I originally wrote this for Huffington Post and it was published by them, in a slightly different format, earlier this year. It’s a heart felt piece that I found difficult to share, and even now I worry about the back lash from friends and family…

I am an outgoing, lively person who stands up for herself, at times a force to be reckoned with, so how could I let myself be bullied for six years? To compound the issue the bully in question died and I have felt obliged to honour and defend his memory ever since. And that is twenty long years. The bully in question was my husband, and I loved him very much. He was a larger than life character, always had a plan for fun and adventure, full of the ‘bad boy’ appeal that some women seem drawn to. I loved his company and was never bored but I was never totally relaxed.

My husband cheated on me all the time. He told me that at  5’8”  and weighing just over 9 stone, I was fat and ugly. On my week day off from work he would come home and don a pair of white gloves and run his fingers over the tops of doors to make sure I had cleaned the house properly. If he found my underwear drawer not to be arranged in piles of white, black, etc he would empty it onto the floor so that I would have to tidy it. If I said or did anything to upset him he would pin me up against a wall and scream at me. One night we had friends over for supper and I had made some terrible gravy. While our friends laughed about it he took me into the kitchen and held me off my feet by my chin and told me he was ashamed of me. He gave me £10 a week pocket money and I had to write everything I spent that money on down in a notebook, and I daren’t buy anything to wear without his approval. I earned more than he did but all the money in my bank account went on the mortgage, car loan and council tax and there was virtually nothing left. There is more, but it’s a long time ago now.

He was in the military working alongside the Special Forces and told me that he could not tell me anything about his work, where he was going or what he was doing. Other wives seemed to know where their partners were but I was happy to be in ignorance because I didn’t want to know the truth. He was away with work for about 6 months of the year, and would write to me everyday he was at war or on detachment as there were no mobile phones in those days. While he was away he used the time to enjoy the company of other women, once even managing to infect me with an STD on his return. When he pushed me around he blamed PTSD after the first Gulf War, but he was like it before he went.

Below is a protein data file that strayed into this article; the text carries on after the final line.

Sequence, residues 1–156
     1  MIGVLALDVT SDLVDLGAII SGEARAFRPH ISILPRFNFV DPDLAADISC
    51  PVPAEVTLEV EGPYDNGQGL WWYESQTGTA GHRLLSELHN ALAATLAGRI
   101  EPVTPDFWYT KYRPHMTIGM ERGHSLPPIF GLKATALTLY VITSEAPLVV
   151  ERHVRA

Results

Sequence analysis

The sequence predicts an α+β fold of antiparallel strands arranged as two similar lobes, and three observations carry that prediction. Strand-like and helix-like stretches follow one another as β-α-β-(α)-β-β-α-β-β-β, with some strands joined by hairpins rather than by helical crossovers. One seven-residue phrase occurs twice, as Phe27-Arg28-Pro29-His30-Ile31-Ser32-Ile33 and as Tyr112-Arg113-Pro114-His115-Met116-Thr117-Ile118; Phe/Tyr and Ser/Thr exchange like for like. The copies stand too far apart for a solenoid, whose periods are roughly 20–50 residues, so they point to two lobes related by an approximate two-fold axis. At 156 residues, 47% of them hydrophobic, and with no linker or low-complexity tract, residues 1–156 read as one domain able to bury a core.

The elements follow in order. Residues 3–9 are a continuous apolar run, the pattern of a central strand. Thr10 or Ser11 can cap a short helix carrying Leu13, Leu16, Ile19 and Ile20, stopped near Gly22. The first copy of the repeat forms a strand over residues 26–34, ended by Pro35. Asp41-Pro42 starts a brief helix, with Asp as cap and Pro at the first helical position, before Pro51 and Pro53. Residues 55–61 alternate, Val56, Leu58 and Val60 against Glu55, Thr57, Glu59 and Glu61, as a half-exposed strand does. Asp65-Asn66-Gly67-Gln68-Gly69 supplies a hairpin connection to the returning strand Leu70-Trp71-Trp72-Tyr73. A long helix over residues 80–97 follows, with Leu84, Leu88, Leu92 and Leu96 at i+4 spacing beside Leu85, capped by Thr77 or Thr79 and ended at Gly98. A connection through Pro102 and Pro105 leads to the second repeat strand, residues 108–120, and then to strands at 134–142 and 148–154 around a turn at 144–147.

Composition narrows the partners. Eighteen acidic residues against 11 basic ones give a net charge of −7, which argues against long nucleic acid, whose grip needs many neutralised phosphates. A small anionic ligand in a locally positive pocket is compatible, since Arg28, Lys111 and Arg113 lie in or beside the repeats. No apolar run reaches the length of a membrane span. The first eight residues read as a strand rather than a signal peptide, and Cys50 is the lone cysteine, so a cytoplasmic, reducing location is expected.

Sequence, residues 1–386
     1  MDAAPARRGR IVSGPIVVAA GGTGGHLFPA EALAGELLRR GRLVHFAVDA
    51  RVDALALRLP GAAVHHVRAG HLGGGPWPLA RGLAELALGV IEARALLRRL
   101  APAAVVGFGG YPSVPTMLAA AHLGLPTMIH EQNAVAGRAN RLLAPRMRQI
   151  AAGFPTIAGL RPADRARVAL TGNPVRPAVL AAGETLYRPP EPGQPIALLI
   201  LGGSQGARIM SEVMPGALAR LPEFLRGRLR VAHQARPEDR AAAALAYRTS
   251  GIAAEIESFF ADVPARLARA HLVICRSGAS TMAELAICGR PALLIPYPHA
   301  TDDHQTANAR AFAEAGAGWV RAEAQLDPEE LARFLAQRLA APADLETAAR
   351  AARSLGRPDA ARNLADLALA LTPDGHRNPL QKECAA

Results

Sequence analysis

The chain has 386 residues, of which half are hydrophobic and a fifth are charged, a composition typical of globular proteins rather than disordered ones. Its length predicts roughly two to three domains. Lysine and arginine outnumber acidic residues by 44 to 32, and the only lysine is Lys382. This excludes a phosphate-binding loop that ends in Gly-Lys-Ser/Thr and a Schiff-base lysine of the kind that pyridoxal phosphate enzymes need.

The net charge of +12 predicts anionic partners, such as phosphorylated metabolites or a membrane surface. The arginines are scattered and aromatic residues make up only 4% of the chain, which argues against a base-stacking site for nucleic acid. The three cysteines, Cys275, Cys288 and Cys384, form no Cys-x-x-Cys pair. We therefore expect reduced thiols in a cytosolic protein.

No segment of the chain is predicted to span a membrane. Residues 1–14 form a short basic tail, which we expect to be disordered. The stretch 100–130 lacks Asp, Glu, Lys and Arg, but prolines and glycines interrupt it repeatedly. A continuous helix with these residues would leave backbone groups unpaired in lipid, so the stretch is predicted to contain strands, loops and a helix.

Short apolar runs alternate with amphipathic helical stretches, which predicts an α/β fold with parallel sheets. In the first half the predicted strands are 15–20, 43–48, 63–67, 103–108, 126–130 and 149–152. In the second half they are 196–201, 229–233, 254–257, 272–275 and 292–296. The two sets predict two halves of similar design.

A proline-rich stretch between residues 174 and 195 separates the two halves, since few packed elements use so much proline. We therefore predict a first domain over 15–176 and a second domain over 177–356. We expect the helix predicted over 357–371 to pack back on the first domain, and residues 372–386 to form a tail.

While he was away I could relax, leave the house a little untidy and eat what I liked. I could go out with friends for a meal and not be told what I could have off the menu in case I gained any weight. I maintained a strict exercise regime so that when he checked my running times and calories burned on the heart monitor after exercise I didn’t fall behind. It was easier to do 4 aerobics classes a week and run 30-40 miles a week than have a row about why I didn’t want to. I once ran 6 miles on a torn calf muscle rather than be told I was a wimp and making a fuss about nothing.

His behaviour towards me explains a lot about the way I behaved after he died. I had to prove I wasn’t fat, ugly or unattractive so I slept around, spent far too much money on clothes and makeup and carried on dieting and exercising madly. I could never trust any boyfriend I had and would press the ‘destruct button’ on my relationships very quickly rather than find myself vulnerable and hurt.

When he died I didn’t know what to think. I missed him terribly, but there was, and this is very hard to admit, an underlying sense of relief. I had an honourable way out of a ghastly situation. I didn’t have to admit to everyone I had made a mistake. The man I loved, who was a total shit to me at times had just died. His last words to my face were, “I don’t want to go away, I love you so much.” At his funeral two women felt able to send single red roses with messages of their undying love for him and I had to hide them under another wreath so that his parents didn’t see them. Every year since I have messages of love and condolence from mutual friends. They have no idea.

“One should never speak ill of the dead.”